One of the themes of this site is that investing is hard. Not necessarily because successful investors need to be geniuses. Rather it is the psychological dimension of active investing that leads to the downfall of a majority of investors. Given our brain’s penchant to seek our patterns, even when they are spurious or non-existent, we are constantly facing situations with faulty information. These distilled patterns come at us as intuition and can despite our best efforts be as detrimental as beneficial.

One way investors can counter this effect is to rigorously test their investment hypotheses. This of course presupposes that you can distill your investment method into a well-defined series of steps. While this may be difficult it is in fact essential to taking the next step. This is not altogether different than many other human endeavors.

For example, cooking knowledge is passed down across time and space by the use of recipes. The best recipes provide detailed instructions on how to combine raw, base ingredients into a finished dish. Master chefs are seemingly able to “improvise” only because they have internalized a massive amount of recipe-like data. Acquiring this expertise requires both time and active learning.

Mark Mahorney at raised the topic of cooking as an apt investing analogy. Mark finds a cooking magazine is in fact a good representative of how investors should go about their approach to research.

Few traders take the approach to testing markets that is applied to cooking by the Cook’s Illustrated chefs. Why? Because it requires a lot of seemingly wasted effort. Failed strategies and tests are trashed like so much junk mail. But no doubt testing, refining, and optimizing trading strategies in a scientific like manner is worth the effort and will payoff just as you would turn out a better dish in the kitchen tweaking a recipe.

A great example of how market intuition can lead us astray is the notion that now that the Fed has indicated is has paused, or even stopped, its rate hikes, a green light now illuminates Wall Street. While not unreasonable, the historical evidence contradicts that intuition. Barry Ritholtz writing at has accumulated a series of studies on the subject.

While the market may react positively in the short run, over the intermediate term a Fed stoppage has lead to lower prices in a majority of cases. While this time it might be different it is worthwhile having the correct facts on hand.

Quantitative data is by no means a panacea. It is oftentimes the case that studies of related phenomena can lead to radically different conclusions. For instance the Fed study would lead you to believe the market is in for a rough few months. However, the state of the presidential election cycle would argue just the opposite.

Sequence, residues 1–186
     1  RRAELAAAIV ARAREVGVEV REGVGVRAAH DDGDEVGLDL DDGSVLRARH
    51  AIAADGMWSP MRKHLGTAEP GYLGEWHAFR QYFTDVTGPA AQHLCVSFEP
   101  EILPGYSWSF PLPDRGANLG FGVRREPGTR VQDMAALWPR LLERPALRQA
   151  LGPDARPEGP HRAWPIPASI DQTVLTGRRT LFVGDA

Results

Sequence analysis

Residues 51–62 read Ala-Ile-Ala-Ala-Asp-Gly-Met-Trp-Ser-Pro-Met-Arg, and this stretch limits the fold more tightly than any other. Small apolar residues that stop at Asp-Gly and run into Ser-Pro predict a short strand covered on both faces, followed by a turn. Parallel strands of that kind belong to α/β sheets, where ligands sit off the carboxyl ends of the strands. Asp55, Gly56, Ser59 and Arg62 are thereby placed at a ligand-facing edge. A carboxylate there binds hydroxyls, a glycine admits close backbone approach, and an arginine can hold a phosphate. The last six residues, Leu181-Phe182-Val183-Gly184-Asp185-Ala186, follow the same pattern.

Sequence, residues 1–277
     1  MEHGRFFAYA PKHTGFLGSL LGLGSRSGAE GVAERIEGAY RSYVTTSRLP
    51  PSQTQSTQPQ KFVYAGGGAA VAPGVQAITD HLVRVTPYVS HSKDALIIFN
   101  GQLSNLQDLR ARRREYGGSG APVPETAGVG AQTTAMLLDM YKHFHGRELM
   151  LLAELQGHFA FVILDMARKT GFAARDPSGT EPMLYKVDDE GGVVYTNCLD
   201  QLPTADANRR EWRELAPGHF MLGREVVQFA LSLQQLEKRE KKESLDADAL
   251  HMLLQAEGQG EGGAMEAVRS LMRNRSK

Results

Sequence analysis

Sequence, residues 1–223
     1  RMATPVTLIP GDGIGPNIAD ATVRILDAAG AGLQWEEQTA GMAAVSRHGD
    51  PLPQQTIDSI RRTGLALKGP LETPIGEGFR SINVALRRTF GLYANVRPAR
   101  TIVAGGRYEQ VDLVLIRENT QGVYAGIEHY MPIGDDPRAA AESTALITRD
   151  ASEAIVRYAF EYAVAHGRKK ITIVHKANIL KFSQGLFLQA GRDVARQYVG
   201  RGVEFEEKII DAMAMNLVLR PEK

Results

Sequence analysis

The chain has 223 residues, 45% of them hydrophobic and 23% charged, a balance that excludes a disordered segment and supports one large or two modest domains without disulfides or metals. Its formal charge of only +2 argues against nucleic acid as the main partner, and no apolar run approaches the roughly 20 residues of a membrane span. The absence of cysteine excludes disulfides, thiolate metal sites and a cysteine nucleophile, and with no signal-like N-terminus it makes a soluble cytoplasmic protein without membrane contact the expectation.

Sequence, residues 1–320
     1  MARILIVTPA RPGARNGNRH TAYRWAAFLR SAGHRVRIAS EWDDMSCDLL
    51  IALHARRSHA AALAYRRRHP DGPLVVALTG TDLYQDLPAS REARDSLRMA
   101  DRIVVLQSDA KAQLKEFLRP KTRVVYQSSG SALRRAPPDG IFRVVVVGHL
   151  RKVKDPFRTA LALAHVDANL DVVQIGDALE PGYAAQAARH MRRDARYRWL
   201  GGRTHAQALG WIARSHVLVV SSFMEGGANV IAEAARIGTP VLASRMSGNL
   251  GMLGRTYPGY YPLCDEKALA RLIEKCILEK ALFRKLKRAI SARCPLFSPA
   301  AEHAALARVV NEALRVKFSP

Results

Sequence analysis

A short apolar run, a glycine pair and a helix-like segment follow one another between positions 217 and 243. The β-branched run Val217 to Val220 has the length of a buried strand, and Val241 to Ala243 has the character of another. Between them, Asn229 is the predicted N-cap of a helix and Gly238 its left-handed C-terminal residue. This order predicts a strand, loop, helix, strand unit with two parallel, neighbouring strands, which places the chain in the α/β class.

Eddy Elfenbein at Crossing Wall Street has poked around the data on the subject of the presidential election cycle. According to his data we are soon approaching one of the most positive periods for the market. If we are to believe this data it puts in a bit of a quandry. The two sets of data (Fed and presidential election cycle) are telling us two different stories. Although quantitative research is useful it is not always unanimous.

Two sites that accomplish this task well are CXO Advisory Group (sporting a new look) and TraderFeed. Although they both approach the markets with a certain quantitative rigor their methods are quite different. CXO does an excellent job of reviewing academic research on a wide range of investment topics. The focus is decidedly longer term in nature. TraderFeed on the other hand has a shorter-term, trading oriented focus relying on self-generated insights. Where the two are similar is that they often find common market lore or their own intuition mistaken as often as it is confirmed.

We will reiterate our initial statement: active investing is hard. Our brains and the accumulated lore of Wall Street can all serve to leads us down dark investment alleys. A rigorous approach to the markets can serve as a flashlight to illuminate this oft treacherous path.

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